Sunday, December 30, 2018

How Trump corrupts rule of law

Check out @LeahLitman’s Tweet:


Saturday, December 29, 2018

Chinese dissenters lawyers trial backfires ~WaPo

Congress must not confirm William Barr -Trump’s attorney general nominee. //Slate

Congress must not confirm Trump’s attorney general nominee.: The attorney general must report to the people, not the president.
by Joyce White Vance (former United States Attorney, Northern District of Alabama)

...No matter what [William] Barr’s intentions, the appearance of impropriety—of ingratiating himself with a president whose desire to install a wingman as attorney general—means that the public perception will always equate Barr, if confirmed, with Trump’s desire to hold himself above the law. There will be no public confidence in decisions about potential collusion between the Trump campaign and Russia, or about obstruction of justice. Such a significant loss of public confidence will inevitably erode the credibility of the department’s work in other areas as well. The future of the Justice Department, and that of all Americans, will be impaired if it appears the department is being used as a tool to protect this president.
Recusal is not a sufficient remedy for a faulty choice for attorney general at this critical juncture. Congress has the responsibility to deny confirmation to an attorney general who is not suited for the job. A worthy nominee faced with the knowledge that they, even inadvertently, had damaged DOJ’s credibility would make amends if possible, or take themselves out of the running to ensure the people’s faith in justice. It is hard to believe someone who makes serious missteps, as Whitaker and Barr both have, but remains unwaveringly in place will have the fortitude to pass the challenges Trump’s next attorney general will certainly face.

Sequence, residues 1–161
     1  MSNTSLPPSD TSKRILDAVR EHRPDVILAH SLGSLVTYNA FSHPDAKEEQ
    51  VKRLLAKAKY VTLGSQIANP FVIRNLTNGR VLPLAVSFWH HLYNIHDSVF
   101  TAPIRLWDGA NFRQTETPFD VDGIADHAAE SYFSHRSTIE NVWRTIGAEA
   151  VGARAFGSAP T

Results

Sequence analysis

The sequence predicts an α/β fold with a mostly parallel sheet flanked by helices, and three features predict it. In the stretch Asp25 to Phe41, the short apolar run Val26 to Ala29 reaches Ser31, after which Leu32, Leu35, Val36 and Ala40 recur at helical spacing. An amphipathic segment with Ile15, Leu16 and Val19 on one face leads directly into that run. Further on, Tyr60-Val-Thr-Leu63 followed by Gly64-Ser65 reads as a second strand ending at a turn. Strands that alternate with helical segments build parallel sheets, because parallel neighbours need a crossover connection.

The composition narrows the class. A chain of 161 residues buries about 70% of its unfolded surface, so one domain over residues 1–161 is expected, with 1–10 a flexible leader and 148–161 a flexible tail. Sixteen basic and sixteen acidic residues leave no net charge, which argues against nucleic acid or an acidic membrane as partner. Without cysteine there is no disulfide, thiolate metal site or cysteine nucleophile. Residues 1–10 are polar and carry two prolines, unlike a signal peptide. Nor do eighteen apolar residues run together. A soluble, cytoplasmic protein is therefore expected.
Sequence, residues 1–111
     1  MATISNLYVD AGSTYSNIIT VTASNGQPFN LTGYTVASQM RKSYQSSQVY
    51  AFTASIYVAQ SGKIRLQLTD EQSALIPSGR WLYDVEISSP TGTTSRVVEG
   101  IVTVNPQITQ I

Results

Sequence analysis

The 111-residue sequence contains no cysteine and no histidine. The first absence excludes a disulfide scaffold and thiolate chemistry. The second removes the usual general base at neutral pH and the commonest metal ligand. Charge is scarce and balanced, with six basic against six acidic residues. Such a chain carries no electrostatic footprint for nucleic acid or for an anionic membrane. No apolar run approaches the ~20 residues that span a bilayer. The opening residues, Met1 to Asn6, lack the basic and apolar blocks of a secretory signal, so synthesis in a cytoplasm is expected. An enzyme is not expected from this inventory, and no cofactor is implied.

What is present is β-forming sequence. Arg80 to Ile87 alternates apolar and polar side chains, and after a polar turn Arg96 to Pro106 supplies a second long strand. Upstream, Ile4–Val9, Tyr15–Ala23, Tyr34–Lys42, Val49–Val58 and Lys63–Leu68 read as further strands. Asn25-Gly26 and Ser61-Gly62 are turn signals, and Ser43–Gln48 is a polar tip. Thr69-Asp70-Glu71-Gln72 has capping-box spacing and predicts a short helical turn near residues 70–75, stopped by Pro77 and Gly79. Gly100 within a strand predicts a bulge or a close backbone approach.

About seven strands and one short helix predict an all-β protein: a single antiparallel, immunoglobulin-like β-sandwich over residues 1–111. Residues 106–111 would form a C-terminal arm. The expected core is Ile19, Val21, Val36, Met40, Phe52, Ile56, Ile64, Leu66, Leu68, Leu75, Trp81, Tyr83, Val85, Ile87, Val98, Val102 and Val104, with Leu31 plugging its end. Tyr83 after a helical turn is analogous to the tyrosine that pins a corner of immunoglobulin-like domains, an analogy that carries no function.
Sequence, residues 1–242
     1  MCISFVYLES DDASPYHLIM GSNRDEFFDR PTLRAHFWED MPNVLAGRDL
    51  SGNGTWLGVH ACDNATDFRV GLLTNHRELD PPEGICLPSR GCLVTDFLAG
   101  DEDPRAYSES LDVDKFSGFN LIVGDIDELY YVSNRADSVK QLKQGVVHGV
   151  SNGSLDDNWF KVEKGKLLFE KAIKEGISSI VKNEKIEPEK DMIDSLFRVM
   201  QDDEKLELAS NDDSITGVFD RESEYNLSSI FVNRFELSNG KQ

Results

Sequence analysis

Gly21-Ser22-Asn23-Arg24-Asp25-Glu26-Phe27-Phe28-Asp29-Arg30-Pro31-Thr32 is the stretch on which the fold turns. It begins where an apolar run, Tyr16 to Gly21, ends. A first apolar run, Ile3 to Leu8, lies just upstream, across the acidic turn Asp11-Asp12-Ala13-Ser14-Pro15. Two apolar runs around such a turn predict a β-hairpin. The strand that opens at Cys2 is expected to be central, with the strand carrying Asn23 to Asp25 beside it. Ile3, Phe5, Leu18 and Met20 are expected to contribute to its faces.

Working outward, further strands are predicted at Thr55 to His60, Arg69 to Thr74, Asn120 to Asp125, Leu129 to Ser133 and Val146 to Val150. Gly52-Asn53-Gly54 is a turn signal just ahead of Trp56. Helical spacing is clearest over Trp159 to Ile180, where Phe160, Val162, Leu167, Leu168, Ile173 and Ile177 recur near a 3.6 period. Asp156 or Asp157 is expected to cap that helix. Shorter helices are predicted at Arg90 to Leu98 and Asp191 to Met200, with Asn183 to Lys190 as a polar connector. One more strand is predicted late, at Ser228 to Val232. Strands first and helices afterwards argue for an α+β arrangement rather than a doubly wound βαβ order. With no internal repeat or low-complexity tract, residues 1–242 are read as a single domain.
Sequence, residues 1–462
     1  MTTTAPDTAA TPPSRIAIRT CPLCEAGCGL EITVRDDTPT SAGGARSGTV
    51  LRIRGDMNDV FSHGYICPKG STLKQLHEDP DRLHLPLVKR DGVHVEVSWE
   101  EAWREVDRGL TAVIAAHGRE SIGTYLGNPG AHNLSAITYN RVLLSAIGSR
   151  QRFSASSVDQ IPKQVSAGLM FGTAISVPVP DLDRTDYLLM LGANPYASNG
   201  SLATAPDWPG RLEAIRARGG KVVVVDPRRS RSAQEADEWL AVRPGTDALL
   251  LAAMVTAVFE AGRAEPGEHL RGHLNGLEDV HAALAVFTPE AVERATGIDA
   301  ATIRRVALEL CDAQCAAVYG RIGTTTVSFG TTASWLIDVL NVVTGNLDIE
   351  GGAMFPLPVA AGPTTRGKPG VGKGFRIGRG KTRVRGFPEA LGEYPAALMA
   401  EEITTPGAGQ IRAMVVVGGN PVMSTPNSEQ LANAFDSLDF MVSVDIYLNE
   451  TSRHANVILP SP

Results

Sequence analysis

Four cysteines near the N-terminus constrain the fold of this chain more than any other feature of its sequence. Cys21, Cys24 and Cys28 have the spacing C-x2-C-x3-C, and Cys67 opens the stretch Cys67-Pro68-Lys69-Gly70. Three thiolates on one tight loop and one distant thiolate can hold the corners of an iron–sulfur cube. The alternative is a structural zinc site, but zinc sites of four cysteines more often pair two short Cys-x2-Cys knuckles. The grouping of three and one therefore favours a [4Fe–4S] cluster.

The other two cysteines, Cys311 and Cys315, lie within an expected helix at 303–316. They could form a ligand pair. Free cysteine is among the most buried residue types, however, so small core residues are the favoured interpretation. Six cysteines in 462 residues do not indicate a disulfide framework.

Friday, December 28, 2018

In Major Move, Census Bureau Offers Up Citizenship Data For Redistricting – Talking Points Memo

Republicans getting ready to cut representation in cities with large non-citizen populations.  In addition to so-called "illegal aliens" there are millions of "legal" aliens.  Republicans, seeking to reduce Democrats votes plan to redisrict based oncitizenshi not residence.
In Major Move, Census Bureau Offers Up Citizenship Data For Redistricting – Talking Points Memo: In what could be a major change for voting rights and the distribution of political power between urban and rural areas,...

Wednesday, December 26, 2018

China to enhance IPR protection - Global Times

China to enhance IPR protection - Global Times
by Lung Shumei

China has clarified punitive damages for intellectual property right (IPR) infringement in the draft civil code, a move which analysts said would help relax trade friction between China and the US.